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Abu Dhabi, UAEWednesday 23 January 2019

India’s Modi lampooned on social media for soft interview

Indian leader gives rare interview but is accused of fielding only easy questions

Prime Minister Narendra Modi has a troubled relationship with the media, rarely granting interviews. AFP
Prime Minister Narendra Modi has a troubled relationship with the media, rarely granting interviews. AFP

Indian Prime Minister Narendra Modi has been criticised for a rare interview in which he answered questions widely thought to have been so unchallenging that many believed it was scripted.

He sat down with news agency Asian News International on New Year’s Day, a rare occurrence for a world leader who has never given a press conference and has accepted only five interviews since he came to power in 2014.

It was seen as a move to quell criticism that he had for years failed to meet the media or be held to account by the country’s journalists. Unlike previous leaders, Mr Modi declined to take members of the press on foreign trips with him.

But several Indian journalists said the interview appeared to be manufactured, while one opposition politician said the questions were “more in the nature of feeding rather than grilling the prime minister”.

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Opposition leader Rahul Gandhi called Mr Modi’s ANI interviewer pliable and said that the Indian PM did not “have the guts” to address their questions at random.

Indian policy analyst Gaurav Pandhi said Mr Modi’s five interviews were fixed because interviewers had “offered vanilla softies” to the Indian leader instead of asking tough questions.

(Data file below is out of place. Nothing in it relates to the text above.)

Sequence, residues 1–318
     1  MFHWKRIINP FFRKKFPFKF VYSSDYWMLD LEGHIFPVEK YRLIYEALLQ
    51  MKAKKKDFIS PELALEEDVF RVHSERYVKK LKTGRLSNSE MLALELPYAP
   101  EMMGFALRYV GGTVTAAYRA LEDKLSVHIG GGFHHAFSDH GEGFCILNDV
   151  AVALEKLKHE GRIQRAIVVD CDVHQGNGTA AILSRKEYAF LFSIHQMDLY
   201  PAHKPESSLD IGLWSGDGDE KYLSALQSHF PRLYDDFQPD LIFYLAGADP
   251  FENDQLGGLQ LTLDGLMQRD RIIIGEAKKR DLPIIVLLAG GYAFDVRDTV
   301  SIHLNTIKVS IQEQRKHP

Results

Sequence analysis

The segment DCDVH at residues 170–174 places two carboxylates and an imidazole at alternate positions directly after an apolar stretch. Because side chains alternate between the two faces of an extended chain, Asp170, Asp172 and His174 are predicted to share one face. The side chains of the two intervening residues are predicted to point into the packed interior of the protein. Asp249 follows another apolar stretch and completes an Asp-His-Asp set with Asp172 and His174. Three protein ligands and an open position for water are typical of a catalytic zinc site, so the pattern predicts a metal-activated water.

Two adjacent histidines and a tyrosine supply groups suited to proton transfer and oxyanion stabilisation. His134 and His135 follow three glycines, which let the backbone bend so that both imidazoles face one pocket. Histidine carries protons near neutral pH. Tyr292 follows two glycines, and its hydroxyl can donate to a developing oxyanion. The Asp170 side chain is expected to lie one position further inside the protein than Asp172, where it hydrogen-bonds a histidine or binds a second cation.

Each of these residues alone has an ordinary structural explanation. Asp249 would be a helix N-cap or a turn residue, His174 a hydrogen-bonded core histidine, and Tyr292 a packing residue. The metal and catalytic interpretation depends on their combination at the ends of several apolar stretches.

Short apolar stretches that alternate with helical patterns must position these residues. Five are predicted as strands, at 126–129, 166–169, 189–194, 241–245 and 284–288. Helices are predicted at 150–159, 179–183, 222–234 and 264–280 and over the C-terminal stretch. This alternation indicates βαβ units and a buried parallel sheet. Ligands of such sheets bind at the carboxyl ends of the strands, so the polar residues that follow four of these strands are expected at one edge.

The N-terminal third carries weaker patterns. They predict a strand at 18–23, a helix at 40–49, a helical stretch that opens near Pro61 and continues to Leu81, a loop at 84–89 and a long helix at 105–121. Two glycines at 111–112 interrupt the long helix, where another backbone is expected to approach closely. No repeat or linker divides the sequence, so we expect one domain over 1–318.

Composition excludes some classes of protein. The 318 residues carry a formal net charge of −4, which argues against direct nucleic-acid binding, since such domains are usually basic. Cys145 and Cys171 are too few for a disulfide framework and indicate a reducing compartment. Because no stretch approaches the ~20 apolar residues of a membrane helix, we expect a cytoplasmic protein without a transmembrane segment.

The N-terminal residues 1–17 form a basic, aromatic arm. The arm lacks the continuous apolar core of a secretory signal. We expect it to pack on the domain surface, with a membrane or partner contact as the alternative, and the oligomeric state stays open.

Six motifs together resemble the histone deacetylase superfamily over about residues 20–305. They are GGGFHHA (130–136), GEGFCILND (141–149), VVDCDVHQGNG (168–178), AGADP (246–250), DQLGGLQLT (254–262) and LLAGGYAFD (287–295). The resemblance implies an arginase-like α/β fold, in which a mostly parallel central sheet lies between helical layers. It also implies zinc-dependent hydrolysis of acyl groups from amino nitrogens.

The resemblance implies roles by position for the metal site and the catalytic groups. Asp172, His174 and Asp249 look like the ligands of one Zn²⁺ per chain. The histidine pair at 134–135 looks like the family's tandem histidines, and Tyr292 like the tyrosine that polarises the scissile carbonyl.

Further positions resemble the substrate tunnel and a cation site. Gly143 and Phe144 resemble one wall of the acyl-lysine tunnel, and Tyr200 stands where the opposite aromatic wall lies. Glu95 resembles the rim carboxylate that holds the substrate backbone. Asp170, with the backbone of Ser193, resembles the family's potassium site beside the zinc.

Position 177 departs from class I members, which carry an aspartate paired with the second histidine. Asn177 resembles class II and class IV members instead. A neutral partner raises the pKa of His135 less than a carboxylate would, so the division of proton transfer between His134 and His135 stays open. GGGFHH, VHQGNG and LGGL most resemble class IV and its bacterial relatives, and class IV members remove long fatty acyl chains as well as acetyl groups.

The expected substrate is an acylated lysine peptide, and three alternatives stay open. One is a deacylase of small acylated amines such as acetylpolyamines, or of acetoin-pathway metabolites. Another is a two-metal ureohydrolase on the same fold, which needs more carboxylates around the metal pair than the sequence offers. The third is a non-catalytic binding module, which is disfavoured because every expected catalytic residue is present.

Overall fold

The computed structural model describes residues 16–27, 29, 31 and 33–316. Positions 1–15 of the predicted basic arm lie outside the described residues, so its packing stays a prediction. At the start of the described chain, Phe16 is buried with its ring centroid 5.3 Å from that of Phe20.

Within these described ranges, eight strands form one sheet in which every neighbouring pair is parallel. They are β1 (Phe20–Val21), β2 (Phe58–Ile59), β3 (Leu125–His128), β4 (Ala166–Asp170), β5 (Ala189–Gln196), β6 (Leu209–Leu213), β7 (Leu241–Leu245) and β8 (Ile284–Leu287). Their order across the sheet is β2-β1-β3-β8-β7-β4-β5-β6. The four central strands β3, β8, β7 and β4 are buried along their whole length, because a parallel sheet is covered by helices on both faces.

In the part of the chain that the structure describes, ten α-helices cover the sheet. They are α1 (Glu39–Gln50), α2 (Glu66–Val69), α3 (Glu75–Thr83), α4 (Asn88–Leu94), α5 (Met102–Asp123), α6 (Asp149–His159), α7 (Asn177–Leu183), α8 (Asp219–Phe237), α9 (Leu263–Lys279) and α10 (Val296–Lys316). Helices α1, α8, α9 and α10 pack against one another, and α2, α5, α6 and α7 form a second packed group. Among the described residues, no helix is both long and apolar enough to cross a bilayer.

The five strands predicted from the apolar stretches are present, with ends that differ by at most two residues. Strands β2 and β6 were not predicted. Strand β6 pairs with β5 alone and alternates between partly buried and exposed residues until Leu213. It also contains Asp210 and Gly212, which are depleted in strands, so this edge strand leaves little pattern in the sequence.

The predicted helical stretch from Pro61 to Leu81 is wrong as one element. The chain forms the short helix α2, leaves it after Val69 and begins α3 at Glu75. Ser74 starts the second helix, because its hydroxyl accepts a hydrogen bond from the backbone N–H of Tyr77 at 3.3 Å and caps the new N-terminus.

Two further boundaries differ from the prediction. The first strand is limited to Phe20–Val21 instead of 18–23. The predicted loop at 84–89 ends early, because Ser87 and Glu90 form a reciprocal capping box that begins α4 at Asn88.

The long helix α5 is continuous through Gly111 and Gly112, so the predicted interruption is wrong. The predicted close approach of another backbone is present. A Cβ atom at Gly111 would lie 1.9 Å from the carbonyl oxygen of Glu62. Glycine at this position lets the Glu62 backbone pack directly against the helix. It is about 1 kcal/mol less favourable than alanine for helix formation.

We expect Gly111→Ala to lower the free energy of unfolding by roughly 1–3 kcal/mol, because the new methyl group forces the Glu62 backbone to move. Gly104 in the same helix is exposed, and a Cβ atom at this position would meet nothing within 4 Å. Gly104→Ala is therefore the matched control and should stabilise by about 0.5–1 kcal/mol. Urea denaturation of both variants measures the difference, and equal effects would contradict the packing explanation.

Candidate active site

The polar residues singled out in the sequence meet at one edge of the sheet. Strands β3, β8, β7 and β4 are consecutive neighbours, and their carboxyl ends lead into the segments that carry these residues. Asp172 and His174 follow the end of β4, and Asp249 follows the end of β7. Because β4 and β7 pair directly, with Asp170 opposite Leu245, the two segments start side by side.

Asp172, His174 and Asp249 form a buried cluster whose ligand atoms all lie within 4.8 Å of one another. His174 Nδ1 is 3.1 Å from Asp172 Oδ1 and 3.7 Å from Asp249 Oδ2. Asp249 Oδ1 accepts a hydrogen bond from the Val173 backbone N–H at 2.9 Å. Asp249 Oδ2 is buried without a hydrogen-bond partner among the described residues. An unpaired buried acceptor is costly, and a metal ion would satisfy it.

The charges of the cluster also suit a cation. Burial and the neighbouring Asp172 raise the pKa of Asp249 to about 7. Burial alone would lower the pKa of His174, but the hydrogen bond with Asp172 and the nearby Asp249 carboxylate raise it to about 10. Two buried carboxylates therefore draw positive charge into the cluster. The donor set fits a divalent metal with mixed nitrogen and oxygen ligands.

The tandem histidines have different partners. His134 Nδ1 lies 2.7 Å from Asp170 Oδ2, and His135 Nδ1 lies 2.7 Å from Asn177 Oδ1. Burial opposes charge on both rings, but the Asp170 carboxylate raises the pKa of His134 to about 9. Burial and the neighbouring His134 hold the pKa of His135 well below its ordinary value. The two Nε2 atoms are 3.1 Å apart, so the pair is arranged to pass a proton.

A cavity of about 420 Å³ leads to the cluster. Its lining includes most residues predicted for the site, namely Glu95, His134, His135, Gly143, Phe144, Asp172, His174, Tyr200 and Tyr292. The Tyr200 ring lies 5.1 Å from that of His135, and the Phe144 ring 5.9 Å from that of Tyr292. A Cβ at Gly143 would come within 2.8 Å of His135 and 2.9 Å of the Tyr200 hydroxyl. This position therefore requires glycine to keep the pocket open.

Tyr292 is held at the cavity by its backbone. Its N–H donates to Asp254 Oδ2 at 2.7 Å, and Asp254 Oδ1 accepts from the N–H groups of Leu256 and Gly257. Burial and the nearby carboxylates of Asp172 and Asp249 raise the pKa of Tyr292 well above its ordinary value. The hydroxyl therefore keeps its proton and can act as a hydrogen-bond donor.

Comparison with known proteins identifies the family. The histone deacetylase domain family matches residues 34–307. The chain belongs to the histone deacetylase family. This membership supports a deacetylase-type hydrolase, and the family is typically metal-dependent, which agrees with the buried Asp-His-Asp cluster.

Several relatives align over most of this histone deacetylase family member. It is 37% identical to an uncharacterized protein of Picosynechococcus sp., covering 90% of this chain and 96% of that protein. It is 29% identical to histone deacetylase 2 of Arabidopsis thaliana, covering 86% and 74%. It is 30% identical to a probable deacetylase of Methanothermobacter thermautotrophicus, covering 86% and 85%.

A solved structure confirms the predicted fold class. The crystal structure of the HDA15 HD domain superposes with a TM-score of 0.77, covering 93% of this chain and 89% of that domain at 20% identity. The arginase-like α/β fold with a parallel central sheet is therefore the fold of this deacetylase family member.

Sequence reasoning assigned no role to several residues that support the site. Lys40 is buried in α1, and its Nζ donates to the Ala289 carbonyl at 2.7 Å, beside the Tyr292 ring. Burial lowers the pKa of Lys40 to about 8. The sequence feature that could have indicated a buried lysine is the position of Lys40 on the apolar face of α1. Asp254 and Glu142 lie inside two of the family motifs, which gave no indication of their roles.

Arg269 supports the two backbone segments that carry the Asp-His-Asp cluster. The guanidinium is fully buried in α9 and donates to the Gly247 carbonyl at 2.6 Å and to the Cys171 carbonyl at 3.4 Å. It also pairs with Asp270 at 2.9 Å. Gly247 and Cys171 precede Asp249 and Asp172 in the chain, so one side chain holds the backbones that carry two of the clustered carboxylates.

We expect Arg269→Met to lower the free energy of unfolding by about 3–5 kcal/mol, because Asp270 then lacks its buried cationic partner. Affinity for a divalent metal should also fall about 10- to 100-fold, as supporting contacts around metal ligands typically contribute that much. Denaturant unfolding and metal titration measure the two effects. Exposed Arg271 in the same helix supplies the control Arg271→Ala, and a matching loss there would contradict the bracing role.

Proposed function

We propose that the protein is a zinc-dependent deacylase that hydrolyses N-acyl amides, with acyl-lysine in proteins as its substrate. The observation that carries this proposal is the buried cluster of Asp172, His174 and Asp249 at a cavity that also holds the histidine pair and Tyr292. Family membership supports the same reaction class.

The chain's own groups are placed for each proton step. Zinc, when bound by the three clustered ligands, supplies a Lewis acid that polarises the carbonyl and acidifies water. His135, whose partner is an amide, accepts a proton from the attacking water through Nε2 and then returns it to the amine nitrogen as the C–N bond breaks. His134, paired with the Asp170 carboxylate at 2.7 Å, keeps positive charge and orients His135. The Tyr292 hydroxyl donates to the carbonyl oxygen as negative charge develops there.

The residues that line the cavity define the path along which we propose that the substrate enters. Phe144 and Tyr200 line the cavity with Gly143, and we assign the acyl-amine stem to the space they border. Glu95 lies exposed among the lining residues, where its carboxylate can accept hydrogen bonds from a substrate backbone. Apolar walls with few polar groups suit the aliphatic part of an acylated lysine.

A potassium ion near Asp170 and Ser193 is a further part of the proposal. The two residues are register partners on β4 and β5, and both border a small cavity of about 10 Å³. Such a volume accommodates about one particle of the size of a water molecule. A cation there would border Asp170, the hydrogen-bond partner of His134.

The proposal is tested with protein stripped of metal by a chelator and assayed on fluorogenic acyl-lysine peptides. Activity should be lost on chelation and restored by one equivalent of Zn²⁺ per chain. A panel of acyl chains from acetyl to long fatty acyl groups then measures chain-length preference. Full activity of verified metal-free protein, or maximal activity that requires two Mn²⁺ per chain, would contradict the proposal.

The criticism was partly aimed at the journalists who interviewed him, accusing them of failing to seek “answers India wants”.

Others shared cartoons lampooning the prime minister. One depicted India’s leader asking questions of himself alongside the caption “a heart to heart interview”. One critic posted a Photoshopped picture of Mr Modi sitting in a chair facing himself.

Mr Modi has a tense relationship with the media since becoming prime minister, and his party’s MPs have derided the media, calling them names like “presstitutes”.

Some supporters of Mr Modi say his lack of media presence is not an issue as he regularly holds large rallies.

Veteran actor-turned-politician Shatrughan Sinha called on Mr Modi to be more transparent this year.

But he had a warning for the Indian leader if he did not do so: “Elections are around the corner, sir.

“Long live democracy.”

Updated: January 6, 2019 06:57 PM

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